Comfortably Numb II
In yesterday’s post we saw how most organizations – large and small – begin to decline, and eventually fail, because of creeping numbness – numbness to customers, change, and/or feedback.We also saw that the growth of creeping numbness is usually so slow (relatively speaking) that it happens without senior management being aware of it, or failing to see the extent of the problem, until – too late – the numbness reaches the C-suite. At which point, game over.
The one frequent exception is when a numb but rich company takes over another more agile, non-numb business in an attempt to revitalize itself. In this case, you might as well take the vibrant young organization to the vet and have it injected with numb. It’s only a matter of time before the vampire, acquiring BigNumbInc, wraps its swirly black cloak around the management of the acquiree, LittleNonNumbCo…and then…well…you’ve seen that movie, no doubt.)
So, how can senior management protect their organization against creeping numbness? Here’s the simplest way to prevent it, one which is very rarely implemented:
Real job swaps
Numbness starts at the front lines with the introduction of unnecessary, over-complicated or unduly onerous practices. They might not, at first, be official policies – just over-wrought ways of doing things that are inflexible and unresponsive: a stupid amount of hoop-jumping to get a refund; only Jennie can schedule a service visit and she’s not here today; that product is one of our ‘legacy’ items and this store doesn’t handle those. Your mileage will vary depending on your industry, but I’m sure you’ve experienced your share of being at the wrong end of numb practices.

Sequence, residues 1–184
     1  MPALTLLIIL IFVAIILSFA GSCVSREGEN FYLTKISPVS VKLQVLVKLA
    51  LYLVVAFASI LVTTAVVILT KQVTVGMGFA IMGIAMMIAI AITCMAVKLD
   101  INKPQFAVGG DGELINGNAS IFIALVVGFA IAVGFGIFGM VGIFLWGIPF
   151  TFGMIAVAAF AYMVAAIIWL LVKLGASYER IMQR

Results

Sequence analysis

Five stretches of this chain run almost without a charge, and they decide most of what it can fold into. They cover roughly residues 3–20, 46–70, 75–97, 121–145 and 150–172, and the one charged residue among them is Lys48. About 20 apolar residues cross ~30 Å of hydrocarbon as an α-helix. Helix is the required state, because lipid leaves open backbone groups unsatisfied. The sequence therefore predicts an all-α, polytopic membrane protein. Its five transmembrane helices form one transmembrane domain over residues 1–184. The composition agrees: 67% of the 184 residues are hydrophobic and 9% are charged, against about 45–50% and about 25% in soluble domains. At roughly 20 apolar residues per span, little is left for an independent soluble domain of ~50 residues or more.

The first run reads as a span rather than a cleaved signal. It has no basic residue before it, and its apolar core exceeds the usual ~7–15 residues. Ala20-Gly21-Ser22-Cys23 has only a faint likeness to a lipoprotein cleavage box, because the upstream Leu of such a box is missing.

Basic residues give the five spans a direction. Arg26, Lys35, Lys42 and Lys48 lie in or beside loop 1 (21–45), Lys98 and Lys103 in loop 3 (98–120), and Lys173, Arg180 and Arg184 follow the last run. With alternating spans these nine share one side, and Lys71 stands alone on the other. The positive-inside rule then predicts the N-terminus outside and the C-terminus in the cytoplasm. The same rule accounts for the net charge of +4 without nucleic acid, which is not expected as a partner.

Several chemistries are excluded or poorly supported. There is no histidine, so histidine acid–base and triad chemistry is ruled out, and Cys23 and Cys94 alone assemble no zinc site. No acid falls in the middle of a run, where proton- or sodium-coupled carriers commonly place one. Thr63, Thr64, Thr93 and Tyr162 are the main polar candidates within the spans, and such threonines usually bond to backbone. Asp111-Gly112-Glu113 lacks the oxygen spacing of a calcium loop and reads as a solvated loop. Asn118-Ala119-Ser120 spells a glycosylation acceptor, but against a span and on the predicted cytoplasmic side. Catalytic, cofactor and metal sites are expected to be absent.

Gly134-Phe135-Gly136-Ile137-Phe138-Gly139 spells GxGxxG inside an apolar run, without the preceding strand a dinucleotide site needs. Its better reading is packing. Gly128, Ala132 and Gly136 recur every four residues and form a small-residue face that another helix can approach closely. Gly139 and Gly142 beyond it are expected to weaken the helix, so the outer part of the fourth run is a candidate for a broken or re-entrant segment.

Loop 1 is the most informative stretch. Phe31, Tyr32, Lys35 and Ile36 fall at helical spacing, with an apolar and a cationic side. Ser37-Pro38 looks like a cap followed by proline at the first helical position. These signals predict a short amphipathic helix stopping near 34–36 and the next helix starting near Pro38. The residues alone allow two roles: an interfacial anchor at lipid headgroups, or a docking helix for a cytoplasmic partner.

Left to the usual chronology, you’d need a time-lapse camera to see how from this simple beginning, creeping numbness multiplies and spreads over time to slowly envelop more and more of the organization. But it’s here where it always starts – at the very front line of your organization’s interaction with its clients and customers.
The problem is, if senior management waits until the spread of creeping numbness brings it to the boardroom or the corner office on the executive floor, as we’ve seen, by then it’s too late. By that time, the organization is amongst the walking dead.
Instead, senior management has to get ahead of creeping numbness – anticipate it, rather than reacting to it, by going to where creeping numbness actually takes root (the front lines) and check for it – regularly and consistently. Like a gardener or farmer checking for disease, there’s no substitute for actually going and looking at the plants and crops directly and testing the soil.
This means real job swaps – real time spent by senior management on the front line – doing a real job for a material period of time. Not one of those half-day ‘pretend’ job swaps where the CEO spreads some pepperoni on a pizza or two, wearing a shiny bright apron over his meticulous striped suit – those may do something for employee morale or PR purposes (though it’s doubtful) but they certainly don’t do anything for finding and eradicating creeping numbness.
No, we’re talking about senior management regularly and consistently making real time – 4 to 10 days a year, depending on the complexity of the work – working at the front line with real customers and clients to find stuff out, to listen, to watch, to learn – not to pose for show, or to handle carefully vetted set-up interactions.
Have your senior management team do this (each in their own functional area, working with external or internal customers as appropriate) and whether your senior management team is one person (you), or one thousand, you will safely inoculate your business against creeping numbness.
Final point: If real job swaps are so effective, why do more organizations not use them? From what I see, because of a combination of (1) not seeing the need (who thinks their organization is getting numb?); (2) other seemingly more important priorities, and (3) well, it’s boring, maybe a little demeaning, and sure as heck not what I signed on to do when I became an SVP. Go figure.